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A Raw Den of Iniquity: Kenichi Aspen Revisited

Jamie Lynn Miller's picture

Last night, I had a dream. It was raw and never-ending, excessive and overflowing. Enter industrial charcoal chic, mood lights and a sexy soundtrack and a rock star booth complete with curtains, for that backstage pass effect. Sushi and sashimi and sake and tuna tataki ran together, in a stream of consciousness and I awoke smiling but perplexed, wondering what it all meant.

This afternoon, it all became clear and tonight, I got that backstage pass: Friends and Family Night at the newly remodeled Kenichi. I admit I was a little skeptical about the necessity of a new look; Kenichi’s former décor seemed to do the trick and feed the hungry (raw food enthusiasts, that is) so why the need for a total remodel?


Art for art’s sake is a fine use of money and creating a sushi den of iniquity is a worthy cause. Enter strategically lit bottles of alcohol, glowing like objects d’art in the airspace around the bar. Overhead, beams of black plaster stalactite-esque formations hold up the ceiling while curtains rustle around rock star booths throughout the room; one part Goth warehouse, another part speakeasy, many parts provocative.

Kenichi is exciting.

I was joined by my friend Hannah, born and raised in Aspen and home for the holidays. I’m a large raw fish fan – as in, I like to eat large quantities of it whenever the opportunity presents itself. Imagine my delight at the invitation, to preview the tastes of the delectable winter ahead with dinner and hot sake all complimentary and flowing all night long.

Hannah was new to sushi and sashimi; but adventurous. She’s studying at SCAD in Savannah, Georgia, with an artist’s open mind and palette to match. By night’s end, she’d tried Uni and Eel and that ever-surprising zero calorie tempura fried ice cream. Or so we were told by Sho the entertainer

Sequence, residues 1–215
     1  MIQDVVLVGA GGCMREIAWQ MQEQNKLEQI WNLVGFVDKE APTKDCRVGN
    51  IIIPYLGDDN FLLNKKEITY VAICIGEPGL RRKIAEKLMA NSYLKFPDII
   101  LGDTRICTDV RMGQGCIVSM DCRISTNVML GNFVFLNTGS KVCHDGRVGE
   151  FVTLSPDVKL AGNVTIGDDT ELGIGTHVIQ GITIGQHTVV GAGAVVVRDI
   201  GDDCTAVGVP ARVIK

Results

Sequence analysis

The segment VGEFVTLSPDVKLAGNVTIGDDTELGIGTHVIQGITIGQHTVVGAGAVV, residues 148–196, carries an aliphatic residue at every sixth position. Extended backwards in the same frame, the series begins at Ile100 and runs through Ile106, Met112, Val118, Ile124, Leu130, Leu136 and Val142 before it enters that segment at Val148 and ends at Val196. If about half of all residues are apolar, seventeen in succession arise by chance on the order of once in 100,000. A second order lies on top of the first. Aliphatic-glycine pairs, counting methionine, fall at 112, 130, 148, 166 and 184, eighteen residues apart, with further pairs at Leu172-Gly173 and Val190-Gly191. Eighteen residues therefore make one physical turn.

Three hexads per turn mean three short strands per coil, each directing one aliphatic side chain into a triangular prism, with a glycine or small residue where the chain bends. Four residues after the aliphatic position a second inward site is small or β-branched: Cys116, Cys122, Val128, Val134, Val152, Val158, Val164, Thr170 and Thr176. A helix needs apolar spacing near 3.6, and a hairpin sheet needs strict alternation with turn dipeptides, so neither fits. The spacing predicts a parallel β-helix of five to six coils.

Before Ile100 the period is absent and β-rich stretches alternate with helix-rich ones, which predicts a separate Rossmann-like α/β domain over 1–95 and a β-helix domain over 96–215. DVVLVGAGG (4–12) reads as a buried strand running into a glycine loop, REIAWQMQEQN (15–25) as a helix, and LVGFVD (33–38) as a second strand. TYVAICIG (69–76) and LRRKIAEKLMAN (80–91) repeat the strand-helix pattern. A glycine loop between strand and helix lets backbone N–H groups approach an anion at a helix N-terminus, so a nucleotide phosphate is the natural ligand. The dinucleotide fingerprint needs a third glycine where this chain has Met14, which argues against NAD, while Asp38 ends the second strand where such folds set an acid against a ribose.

Our sushi chef, Sho, both fed and amused us at the sushi bar. Japanese, by way of San Diego and Lake Tahoe, Sho pulled pyrotechnics, master knife-work and high five-knuckle combos out of his repertoire. The pate was “en flambée”, on fire right before our eyes and rolling right off the tongue. The eel and sweet rice combo was sublime and the fresh, lime infused sushi combinations– “no soy sauce”, Sho cautioned – was divine.

Another close friend joined us after finishing up work; and just in the nick of time. I was holding her seat near and dear to my hip but it was a hot ticket item and truth be told, I was about to buckle under the fiery gaze of a certain hoverer; not like I would have sold it to the highest bidder or anything but…well, just good that she came over when she did. Who needs the evil eye on Friends and Family night?

She was no less enthused by Sho and his magnanimous display of sashimi know-how. We held up our sake cups for a toast and Sho pulled out a miniature rubber pint glass from his chef’s coat pocket, holding it between his thumb and forefinger-nail in salute.

The music got a little louder, as it’s prone to do, and we turned from the bar to look around the room at the big picture. It was packed, laughter and energy moving, no one in a hurry to leave and the night just hitting its stride, around 10.

The rock star booth’s curtains were open but I could imagine just how good everything would taste with them drawn.

Kenichi is open for the winter season starting December 16 and the rock star booth is also open for reservations. Let me know if you need a groupie., 970-920-2212 for reservations.